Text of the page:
Saudi Arabia appears to be ending flogging as a form of punishment, according to a document from the kingdom's top court seen by Reuters on Friday.
The decision by the General Commission for the Supreme Court, taken sometime this month, will see the punishment replaced by prison sentences or fines, or a mixture of both.
"The decision is an extension of the human rights reforms introduced under the direction of King Salman and the direct supervision of Crown Prince Mohammed Bin Salman," the document said.
Flogging is an ancient form of punishment that has persisted in some Islamic countries influenced by Sharia, which is interpreted as mandating physical punishment.
The Islamic Republic of Iran is another clergy ruled country where flogging still takes place. Bothe Saudi Arabia and Iran also allow many executions.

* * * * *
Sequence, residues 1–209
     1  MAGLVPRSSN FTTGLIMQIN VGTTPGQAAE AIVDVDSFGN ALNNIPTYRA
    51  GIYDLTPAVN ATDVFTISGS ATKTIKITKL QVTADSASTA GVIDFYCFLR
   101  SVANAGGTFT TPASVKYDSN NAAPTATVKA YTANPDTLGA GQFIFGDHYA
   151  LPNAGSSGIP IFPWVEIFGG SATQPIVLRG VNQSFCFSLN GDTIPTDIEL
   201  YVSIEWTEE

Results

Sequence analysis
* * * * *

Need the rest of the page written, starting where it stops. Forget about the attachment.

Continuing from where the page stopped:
Flogging has been applied to punish a variety of crimes in Saudi Arabia and Iran. Without a codified system of law to go with the texts making up sharia, or Islamic law, individual judges have the latitude to interpret religious texts and come up with their own sentences.
In Iran political prisoners are routinely sentenced to lashing along with any prison terms they receive.
Rights groups have documented past cases in which judges have sentenced criminals to flogging for a range of offences, including public intoxication and harassment.
"This reform is a momentous step forward in Saudi Arabia's human rights agenda, and merely one of many recent reforms in the Kingdom," the president of the state-backed Human Rights Commission (HRC) Awwad Alawwad told Reuters.
"This is a welcome change, but it should have happened years ago," said Adam Coogle, Deputy Director of the Middle East and North Africa Division at Human Rights Watch. "There's nothing now standing in the way of Saudi Arabia reforming its unfair judicial system."